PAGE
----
What is an understandable interpretation of the ending of The Giver?

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There are two ways readers can interpret the ending of Lois Lowry's brilliant novel The Giver. One could view the ending from an optimistic point of view, where Jonas and Gabriel narrowly avoid death and end up sledding down a snowy hill toward a pleasant village, where they are accepted and live happily ever after. However, the last sentence of the story makes the ending ambiguous, and the reader must interpret whether or not Jonas was simply experiencing an illusion at the end of his arduous journey. As Jonas is about to sled toward the village, he believes that he hears laughter coming from the small cabins, and Lowry writes, "But perhaps it was only an echo" (180). One could then interpret Jonas's vision as simply a hallucination stemming from his exhausted, malnourished mind. Therefore, it is possible that both Jonas and Gabriel die at the end. If this is the case, then Jonas sacrificed himself to alter the community and give the citizens independence and autonomy. Although this ending is sad, readers can admire Jonas's ultimate sacrifice and examine the consequences attached to fighting for personal freedoms.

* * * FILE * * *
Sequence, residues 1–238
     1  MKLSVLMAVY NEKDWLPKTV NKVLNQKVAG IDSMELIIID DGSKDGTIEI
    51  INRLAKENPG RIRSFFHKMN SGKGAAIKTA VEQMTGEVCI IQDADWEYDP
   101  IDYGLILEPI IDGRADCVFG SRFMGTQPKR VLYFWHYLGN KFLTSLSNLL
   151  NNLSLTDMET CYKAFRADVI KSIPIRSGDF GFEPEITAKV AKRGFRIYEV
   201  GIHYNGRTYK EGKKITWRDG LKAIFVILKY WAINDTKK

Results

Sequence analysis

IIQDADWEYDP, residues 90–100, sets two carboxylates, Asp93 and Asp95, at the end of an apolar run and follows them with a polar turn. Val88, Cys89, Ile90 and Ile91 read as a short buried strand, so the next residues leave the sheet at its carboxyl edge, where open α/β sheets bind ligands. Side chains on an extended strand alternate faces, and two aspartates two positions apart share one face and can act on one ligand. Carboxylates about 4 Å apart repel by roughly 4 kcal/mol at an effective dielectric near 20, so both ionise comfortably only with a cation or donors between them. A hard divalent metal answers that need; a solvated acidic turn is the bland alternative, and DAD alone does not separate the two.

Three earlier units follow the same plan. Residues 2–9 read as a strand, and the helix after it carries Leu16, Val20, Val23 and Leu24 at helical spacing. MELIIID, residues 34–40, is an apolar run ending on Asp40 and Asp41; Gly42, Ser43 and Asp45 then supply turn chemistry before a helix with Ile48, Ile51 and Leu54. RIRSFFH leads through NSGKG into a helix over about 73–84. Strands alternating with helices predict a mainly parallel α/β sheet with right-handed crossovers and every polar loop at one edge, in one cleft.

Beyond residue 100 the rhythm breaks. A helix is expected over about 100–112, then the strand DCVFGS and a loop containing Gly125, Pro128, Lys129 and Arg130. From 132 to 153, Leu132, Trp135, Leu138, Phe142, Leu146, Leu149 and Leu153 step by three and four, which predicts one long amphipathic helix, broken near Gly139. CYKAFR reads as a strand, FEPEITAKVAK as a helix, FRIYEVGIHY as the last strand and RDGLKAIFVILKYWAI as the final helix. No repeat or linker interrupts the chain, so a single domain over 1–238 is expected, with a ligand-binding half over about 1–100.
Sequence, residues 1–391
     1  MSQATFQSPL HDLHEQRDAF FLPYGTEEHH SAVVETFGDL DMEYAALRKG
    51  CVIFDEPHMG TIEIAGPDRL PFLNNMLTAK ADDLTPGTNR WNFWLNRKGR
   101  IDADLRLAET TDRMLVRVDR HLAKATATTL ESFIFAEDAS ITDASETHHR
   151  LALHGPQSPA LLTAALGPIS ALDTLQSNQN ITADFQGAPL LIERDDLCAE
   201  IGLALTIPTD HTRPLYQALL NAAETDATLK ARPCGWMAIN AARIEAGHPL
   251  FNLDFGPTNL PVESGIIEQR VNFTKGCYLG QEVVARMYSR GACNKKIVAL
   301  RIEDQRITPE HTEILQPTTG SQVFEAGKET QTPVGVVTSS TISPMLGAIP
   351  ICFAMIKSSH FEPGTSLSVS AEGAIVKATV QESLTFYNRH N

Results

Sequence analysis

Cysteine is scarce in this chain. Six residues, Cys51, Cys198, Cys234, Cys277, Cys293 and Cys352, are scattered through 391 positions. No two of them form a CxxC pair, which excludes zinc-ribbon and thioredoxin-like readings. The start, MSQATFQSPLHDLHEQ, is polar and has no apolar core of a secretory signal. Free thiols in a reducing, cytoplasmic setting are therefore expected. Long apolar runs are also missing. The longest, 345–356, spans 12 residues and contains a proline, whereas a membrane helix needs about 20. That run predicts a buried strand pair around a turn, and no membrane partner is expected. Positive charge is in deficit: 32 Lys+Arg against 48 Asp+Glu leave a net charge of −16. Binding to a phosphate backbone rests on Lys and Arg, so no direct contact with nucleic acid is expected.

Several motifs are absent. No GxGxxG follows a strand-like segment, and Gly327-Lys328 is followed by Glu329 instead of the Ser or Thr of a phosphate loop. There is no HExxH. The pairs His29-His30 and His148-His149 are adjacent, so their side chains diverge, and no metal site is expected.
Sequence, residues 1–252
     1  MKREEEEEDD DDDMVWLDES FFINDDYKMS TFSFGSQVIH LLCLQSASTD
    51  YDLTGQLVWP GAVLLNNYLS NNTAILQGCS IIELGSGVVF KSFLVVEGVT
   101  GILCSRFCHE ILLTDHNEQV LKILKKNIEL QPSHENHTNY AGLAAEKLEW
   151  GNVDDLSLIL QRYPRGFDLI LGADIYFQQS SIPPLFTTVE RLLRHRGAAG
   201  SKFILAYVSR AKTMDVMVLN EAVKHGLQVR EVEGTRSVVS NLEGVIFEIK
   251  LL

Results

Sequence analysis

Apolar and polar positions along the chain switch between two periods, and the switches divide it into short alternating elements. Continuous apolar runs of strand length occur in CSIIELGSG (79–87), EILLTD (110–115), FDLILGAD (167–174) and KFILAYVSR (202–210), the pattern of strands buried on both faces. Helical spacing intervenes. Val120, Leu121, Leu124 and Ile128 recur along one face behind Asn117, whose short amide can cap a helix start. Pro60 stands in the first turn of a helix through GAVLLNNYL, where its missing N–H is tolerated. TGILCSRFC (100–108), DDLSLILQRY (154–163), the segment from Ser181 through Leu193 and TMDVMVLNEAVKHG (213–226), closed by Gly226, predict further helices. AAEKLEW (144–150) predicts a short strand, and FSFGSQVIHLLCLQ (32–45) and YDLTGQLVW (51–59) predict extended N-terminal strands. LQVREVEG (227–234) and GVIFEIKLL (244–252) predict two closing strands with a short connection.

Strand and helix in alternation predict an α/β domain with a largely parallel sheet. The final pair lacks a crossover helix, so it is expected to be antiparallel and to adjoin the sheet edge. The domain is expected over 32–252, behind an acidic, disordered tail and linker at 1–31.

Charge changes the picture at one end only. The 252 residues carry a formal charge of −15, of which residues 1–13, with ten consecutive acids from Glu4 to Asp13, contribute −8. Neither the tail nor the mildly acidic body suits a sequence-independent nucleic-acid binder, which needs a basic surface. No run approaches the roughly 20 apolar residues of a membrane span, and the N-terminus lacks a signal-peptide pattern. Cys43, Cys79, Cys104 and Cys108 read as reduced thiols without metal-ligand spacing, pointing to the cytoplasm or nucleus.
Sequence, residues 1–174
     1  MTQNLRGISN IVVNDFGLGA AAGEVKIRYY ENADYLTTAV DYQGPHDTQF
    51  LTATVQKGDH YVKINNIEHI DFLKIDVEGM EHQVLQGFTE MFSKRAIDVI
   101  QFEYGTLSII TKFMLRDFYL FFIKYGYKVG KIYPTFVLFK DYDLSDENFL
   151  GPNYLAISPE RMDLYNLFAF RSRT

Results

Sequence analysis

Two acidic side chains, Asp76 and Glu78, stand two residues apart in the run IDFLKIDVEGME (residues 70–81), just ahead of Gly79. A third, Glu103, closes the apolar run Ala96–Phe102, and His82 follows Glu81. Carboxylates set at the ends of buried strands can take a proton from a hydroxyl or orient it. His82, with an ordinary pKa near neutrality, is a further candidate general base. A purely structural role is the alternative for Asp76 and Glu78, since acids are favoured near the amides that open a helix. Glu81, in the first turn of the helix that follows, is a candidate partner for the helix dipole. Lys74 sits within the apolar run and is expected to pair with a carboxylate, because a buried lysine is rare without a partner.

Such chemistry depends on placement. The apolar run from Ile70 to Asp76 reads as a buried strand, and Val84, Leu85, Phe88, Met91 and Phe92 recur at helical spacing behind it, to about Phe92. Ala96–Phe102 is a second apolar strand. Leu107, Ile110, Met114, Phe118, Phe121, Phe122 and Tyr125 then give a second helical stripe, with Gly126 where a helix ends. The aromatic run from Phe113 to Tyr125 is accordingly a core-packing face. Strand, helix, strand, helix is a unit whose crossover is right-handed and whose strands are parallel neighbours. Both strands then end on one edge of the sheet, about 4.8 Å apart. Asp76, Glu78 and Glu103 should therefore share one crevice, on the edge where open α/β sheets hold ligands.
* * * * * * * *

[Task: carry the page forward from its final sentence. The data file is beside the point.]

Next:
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At the end of The Giver, it is assumed that Jonas and little Gabriel reach safety in Elseware.  When Jonas first left his community, search planes had frequently flown overhead.  Jonas had to hide whenever he heard or saw one.  Then that changed:

... the frequency of the planes diminished.  They came less often, and flew, when they did come, less slowly, as if the search had become haphazard and no longer hopeful.  Finally there was an entire day and night when they did not come at all (The Giver, Chapter 21).

Jonas began to have less fear of being caught.  He felt confident that searchers were no longer trying to find he and Gabriel.  Instead, he faced new challenges of hunger, thirst, and exhaustion.  Jonas noticed the changes in the scenery.  There were lush forests and refreshing streams.  As Jonas travelled, he "felt that Elsewhere was not far away" (Chapter 23).  

Jonas climbed to the top of a hill with Gabriel.  When he reached the top, he could see a house with glowing lights.  A memory came to him:

...he heard something he knew to be music.  He heard people singing.

It is implied that Jonas and Gabriel rode the sled downhill until they reached the house with the singing people.  This was obviously a place very unlike his community, because people were singing.  It is also implied that it is a safe place.

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